D. Intentionally injures the participant.
3. Assumption of risk. In a personal injury action against an equine professional, a defense or immunity described in subsection 1 may be asserted only if the person injured in the course of an equine activity:
A. Had actual knowledge of the inherent risks of equine activities;
B. Had professed to have sufficient knowledge or experience to be on notice of the inherent risks; or
C. Had been notified of the inherent risks and the limitations of liability.
For the purposes of this subsection, notice of the inherent risks of equine activity may be satisfied either by a statement signed by the person injured or by a sign or signs prominently displayed at the place where the equine activity was initiated. The statement or sign must contain at least the following information.
Under Maine law, an equine professional has limited liability for an injury or death resulting from the inherent risks of equine activities."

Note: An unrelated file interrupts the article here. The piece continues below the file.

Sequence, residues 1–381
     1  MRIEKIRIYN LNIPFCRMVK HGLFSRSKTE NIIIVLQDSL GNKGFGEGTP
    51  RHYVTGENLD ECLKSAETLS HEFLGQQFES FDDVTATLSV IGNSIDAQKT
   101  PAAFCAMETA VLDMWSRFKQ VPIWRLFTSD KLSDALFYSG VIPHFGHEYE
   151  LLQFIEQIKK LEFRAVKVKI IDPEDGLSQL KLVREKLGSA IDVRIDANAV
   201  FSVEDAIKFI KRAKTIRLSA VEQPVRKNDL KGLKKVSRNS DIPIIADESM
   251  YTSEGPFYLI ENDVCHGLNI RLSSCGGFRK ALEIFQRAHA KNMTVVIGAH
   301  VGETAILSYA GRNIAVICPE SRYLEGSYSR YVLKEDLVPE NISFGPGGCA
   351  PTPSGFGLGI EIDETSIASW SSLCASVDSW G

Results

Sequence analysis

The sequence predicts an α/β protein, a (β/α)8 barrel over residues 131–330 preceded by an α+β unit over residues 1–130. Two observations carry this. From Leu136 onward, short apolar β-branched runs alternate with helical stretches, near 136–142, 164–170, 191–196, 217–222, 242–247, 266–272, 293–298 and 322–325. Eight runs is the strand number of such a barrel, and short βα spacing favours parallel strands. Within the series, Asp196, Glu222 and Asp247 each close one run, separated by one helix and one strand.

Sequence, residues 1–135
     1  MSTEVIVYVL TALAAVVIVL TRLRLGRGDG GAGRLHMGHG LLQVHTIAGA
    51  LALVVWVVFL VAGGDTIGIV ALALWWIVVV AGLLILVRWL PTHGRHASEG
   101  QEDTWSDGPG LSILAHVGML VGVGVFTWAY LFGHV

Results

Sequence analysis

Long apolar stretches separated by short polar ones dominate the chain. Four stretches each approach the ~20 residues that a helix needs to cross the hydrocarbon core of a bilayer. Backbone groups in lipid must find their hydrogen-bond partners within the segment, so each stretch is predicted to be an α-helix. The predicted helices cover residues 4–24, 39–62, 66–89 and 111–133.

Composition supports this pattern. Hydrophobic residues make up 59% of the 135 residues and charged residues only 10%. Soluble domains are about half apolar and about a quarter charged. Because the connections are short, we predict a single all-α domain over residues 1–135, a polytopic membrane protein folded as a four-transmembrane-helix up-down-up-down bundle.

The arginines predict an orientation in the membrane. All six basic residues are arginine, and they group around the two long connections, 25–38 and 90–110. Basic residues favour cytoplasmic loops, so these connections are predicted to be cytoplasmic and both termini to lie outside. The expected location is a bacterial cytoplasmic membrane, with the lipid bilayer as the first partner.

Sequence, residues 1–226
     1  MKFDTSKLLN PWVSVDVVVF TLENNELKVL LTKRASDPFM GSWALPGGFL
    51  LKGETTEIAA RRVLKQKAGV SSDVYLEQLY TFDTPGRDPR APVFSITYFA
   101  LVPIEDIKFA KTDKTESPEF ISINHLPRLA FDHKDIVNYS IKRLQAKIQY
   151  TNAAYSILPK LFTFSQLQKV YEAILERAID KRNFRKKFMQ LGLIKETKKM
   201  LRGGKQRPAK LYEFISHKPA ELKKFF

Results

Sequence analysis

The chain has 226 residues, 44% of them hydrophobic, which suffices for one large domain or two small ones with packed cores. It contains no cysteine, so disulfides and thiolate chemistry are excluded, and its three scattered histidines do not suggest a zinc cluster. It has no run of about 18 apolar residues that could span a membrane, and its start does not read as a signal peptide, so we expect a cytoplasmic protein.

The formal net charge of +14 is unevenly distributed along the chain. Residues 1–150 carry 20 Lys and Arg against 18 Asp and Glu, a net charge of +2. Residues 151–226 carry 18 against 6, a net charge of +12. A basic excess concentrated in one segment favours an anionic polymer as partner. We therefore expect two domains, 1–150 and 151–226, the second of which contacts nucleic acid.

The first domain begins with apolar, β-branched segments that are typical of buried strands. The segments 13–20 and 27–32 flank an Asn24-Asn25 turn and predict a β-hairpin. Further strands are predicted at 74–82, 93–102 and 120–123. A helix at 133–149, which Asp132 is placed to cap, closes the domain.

The message on a sign must be in black letters at least one inch in height and the sign or signs must be placed in a clearly visible location on or near stables, corrals or arenas where the equine professional conducts equine activities.
4. Exceptions; persons who are not participants. Nothing in subsection 1 prevents or limits the liability of an equine activity sponsor, an equine professional or any other person engaged in an equine activity, if that equine activity:
A. Causes injury or death to a person who is not a participant and who is in a place where a reasonable person would not expect an equine activity to occur; or
B. Causes injury or death to a spectator and that spectator was in a place designated or intended by an activity sponsor as a place for spectators.
Enacted in 1991, amended in 1993 and 1999.
Reviewed by AAHS in April 2001.